There is no production line process in the Zone RV factory, so each van has its very own bay from start to finish. Once work on the chassis is complete, it’s wheeled into position and jacked up. The wheels are taken off and the chassis is laser aligned so it’s completely level. It is then tied to the floor by turnbuckles to ensure there is no movement during the build.
All of this is an important part of the process and ensures everything fits together perfectly – a 5mm gap at floor level can mean something much greater at roof level. Safeguarding against movement during the cabinetry fitting and body construction phase is vital because no screws, staples or fastenings are used; instead, the entire caravan structure, including the floor, chassis and cabinetry is bonded together using a polyurethane glue.
Zone RV uses what might be termed a ‘just in time’ process throughout the entire caravan build. So while the chassis and floor are being put together, the cabinetry is being assembled in a separate section of the factory.
There’s no timber to be seen anywhere here, which sets Zone vans apart from many, many others. The cabinetry is built with aluminium framing and Signbond 2mm aluminium composite panel. All the framing is designed to slot together and both the frame and the composite panel are bonded during the assembly process.
The aluminium framing is custom-made for Zone RV and is designed to include concealed LED strip lighting, which improves the overall lighting effect without extra surface-mounted light fittings. The cabinetry is also designed to include cavities for power cabling and many of the cabinets are pre-wired to save time during the overall van construction process.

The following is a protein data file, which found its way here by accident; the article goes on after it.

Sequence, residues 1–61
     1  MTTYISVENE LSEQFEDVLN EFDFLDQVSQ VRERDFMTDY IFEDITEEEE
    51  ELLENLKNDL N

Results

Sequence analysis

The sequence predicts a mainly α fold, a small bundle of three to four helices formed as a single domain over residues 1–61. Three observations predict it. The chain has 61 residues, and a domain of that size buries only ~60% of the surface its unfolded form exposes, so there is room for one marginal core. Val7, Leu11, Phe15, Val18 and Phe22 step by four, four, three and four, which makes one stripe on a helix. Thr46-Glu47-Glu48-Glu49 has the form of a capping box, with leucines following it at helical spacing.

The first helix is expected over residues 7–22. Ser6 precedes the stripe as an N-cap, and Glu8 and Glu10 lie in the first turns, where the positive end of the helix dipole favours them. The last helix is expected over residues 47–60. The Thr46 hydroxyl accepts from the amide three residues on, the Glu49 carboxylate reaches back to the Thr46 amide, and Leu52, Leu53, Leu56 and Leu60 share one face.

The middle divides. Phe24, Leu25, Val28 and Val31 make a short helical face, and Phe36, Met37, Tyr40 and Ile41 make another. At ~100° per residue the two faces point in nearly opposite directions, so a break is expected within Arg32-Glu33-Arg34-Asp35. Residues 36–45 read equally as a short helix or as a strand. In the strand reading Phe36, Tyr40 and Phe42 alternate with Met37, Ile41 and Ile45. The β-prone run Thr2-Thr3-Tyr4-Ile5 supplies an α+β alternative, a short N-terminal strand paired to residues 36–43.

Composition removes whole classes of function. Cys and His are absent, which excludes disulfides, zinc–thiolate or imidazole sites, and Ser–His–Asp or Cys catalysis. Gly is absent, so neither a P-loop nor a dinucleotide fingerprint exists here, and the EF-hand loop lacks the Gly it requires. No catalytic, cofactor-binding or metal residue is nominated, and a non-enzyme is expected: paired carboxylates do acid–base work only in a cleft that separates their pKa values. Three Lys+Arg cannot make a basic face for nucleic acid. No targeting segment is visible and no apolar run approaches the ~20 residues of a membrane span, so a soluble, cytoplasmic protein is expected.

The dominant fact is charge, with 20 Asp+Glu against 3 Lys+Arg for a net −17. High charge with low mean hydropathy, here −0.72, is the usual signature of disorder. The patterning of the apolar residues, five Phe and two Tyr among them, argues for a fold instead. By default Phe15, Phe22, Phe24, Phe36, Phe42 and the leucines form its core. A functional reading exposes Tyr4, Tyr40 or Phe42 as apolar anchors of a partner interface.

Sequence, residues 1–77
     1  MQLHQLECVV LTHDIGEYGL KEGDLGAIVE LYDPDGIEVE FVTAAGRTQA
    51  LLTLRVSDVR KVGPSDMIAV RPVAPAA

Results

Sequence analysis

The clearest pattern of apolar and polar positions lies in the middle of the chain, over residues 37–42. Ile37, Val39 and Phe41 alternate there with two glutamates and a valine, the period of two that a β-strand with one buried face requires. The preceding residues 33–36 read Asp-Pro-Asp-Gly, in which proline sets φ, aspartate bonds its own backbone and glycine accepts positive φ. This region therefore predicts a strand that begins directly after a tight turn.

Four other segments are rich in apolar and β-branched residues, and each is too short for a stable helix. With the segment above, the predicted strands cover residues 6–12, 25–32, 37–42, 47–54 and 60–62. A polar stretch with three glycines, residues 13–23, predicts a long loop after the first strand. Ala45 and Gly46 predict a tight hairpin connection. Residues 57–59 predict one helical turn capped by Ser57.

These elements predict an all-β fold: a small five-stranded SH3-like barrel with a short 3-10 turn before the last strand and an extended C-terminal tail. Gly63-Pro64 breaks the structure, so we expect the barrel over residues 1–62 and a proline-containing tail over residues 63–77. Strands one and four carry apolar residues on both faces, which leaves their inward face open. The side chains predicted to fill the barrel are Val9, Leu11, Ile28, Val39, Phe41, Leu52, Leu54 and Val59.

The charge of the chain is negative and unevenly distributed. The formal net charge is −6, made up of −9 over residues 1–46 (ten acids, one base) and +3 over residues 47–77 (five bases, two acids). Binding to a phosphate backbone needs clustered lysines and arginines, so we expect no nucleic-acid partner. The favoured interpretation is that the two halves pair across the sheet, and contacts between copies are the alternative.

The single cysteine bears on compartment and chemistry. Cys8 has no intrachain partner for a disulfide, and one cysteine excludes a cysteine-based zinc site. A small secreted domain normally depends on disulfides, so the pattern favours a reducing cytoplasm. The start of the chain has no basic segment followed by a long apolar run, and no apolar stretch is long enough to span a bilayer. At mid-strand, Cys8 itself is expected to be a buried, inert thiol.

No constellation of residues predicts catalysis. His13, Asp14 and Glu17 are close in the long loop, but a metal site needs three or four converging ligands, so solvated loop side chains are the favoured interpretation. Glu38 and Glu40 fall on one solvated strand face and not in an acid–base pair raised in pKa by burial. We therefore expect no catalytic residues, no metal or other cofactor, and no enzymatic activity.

Once the chassis is in position and the floor bonded to it, the body construction can commence. Zone RV uses the ‘inside-out’ method, which means all the pre-formed cabinetry work is put into position first, then all the electrical wiring and plumbing is added in and, finally, the walls and roof are added.
Because the many holes, cavities and cable runs are designed in during the initial construction and design phase, although not impossible, customer changes mid-build aren’t always easy to accommodate.
A benefit of using the inside-out method is that after all the electrical cabling, water and gas pipework is installed, it can then be fully tested and, without the walls and roof in position, any faults that show up during testing are much easier to rectify.
The walls and one-piece front, rear and roof panel consist of double-sided gloss fibreglass skins that sandwich a high density XPS foam core. With the walls in position, the installation work on the van body continues. As you might imagine, getting the one-piece front, rear and roof panel exactly in position requires total precision and, a bit like a model kit, the panel comes with ‘fold lines’ to ensure it fits around the walls accurately. Both walls and the one-piece panel have all the necessary window, vent and door holes pre-cut by CNC machine.
With the roof and walls all in position and bonded together, the final assembly and testing can take place.
Finally, a brand new Zone RV caravan rolls out of the factory door. It takes about 10 days once construction starts but, of course, the overall design work and customer liaison takes somewhat longer.
Zone RV likes to make sure its customers fully understand the caravan they are buying and so have a customer handover time of at least six hours and offer a night at the local caravan park as part of the familiarisation process.
The full test appears in Caravan World #554 August 2016. Subscribe today for the latest caravan reviews and news every month!